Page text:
Do we need to talk about addiction in the workplace?

The statistics on drug and alcohol abuse and addiction in the UK are frightening. There has been a rise in drug users.

In 2020 at least 10% of adults aged 16 – 59years have reported using illicit drugs (class A, B or C) or medications not prescribed for their personal use at least a few times, of that group 2.1% (approximately 712 000 people) are frequent drug users, with the age group 16 -24yr olds being twice as high at 4.3%. (ONS)

drug users office

Whilst stats are sometimes seen as just numbers on a screen or in a report, if you take the age group of 16 – 59year olds as the standard age of the UK workforce and apportion 10% of them as drug users, abusers or addicts, meaning in a company of just 100 employees, 10 will at some point in 2020 have been under the influence of a drug, the statistics become more real to the community. These numbers don’t include persons with an alcohol addiction, where as much as 15% of workers are considered high-risk drinkers in the UK and 33% have worked whilst hungover.

Whilst there is a modicum of respect that must be afforded to employees regarding what they do during their personal time, employers also have a duty to ensure a safe workplace for all employees, drug and alcohol abuse in the workforce causes over £7.3bn estimated cost to businesses due to work absences as well as causing:

  • Loss of productivity and poor performance
  • Tardiness
  • Employee morale may be negatively impacted
  • Safety concerns
  • Bad behaviour or poor discipline (which in some circumstances can lead to increased risk of violence, sexual harassment or aggressive/abusive language)
  • Adverse effects on company image and relationships with customers

We spoke to Paul Spanjar, owner of the Providence Projects addiction treatment facility: “We should be tackling addiction in the workplace the same way we should be tackling mental health and the stigma around it. Addiction leads to missed days and lower productivity. Businesses should be focusing more on education, prevention, and supporting their employees in the event addiction has been identified”.

Tackling drug misuse in the workplace successfully benefits both the employees and the business by:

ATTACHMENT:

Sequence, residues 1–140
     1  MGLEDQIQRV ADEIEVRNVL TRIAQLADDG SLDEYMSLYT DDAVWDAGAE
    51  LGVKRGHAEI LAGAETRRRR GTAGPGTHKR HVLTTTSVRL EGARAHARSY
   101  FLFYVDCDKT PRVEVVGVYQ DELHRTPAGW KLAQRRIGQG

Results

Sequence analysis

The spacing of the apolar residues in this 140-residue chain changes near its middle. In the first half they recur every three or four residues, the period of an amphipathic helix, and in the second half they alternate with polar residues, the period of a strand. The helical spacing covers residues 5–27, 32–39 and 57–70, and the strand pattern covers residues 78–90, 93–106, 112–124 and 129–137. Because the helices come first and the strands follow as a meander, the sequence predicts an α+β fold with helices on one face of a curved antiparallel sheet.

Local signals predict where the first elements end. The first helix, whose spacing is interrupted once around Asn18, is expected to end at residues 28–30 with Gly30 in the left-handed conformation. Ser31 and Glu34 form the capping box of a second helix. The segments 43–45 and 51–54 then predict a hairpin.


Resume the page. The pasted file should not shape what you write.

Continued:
• Cost savings in recruitment, training, absenteeism, termination
  • Improving employee morale through the creation of a more productive environment through the support offered to those employees who declare a drug-related problem,
  • Risk of accidents caused by impaired judgement reduced
  • Public perception of the company or organisation as a responsible employer will be increased in the community
  • Contributing to the communities efforts to combat drug misuse

It is important that employers, no matter their personal views, treat all cases with integrity and professionalism, especially as there is a large stigma attached to mental health issues and addiction, but to support staff wellbeing and in the interests of retaining talent and protecting productivity,

Employers need to have systems in place to firstly ensure the workplace is not a contributing factor to substance abuse, fostering or fuelling a work culture that allows, encourages or pushes employees to consider substances as a way to cope with their workload.

Workplaces present good opportunities for early detection (alcohol and drug screening), intervention (providing contact & encouragement for employees to seek specialist support) and support with regards to drug and alcohol misuse among employees, dismissal and discipline do not need to be the default when misuse is evident, employers can offer support through:

  • Occupational health,
  • Employee assistance programmes,
  • Health insurance or benefit plans,
  • Access to specialist counselling or support services
  • Flexible working hours
  • Being realistic and open about the support that can be offered to balance the employee’s needs with the impact on business.
  • Sick leave for receiving treatment
  • Education on drug misuse
  • Assurance of confidentiality

In addition to the normal workplace preventative, education and support needed for addiction, there is now the added uncertainty brought about by the COVID-19 pandemic and resultant economic downturn that has caused an increase in the use of alcohol and drugs to cope with the increased stress, pressure, fear and isolation. Drinkaware has published their 4th report since the pandemic started stating that 20% of UK adults reported drinking more than usual since March 2020, among them:

  • 39% Furloughed workers
  • 49% of those were either made redundant or in the process of redundancy
  • 31% were those who were experiencing negative impacts to their mental health
  • 34% were experiencing work-related stress

Having good open communication with regards to the policies businesses have, ensures that employees feel able to ask for support and know their employer will provide it.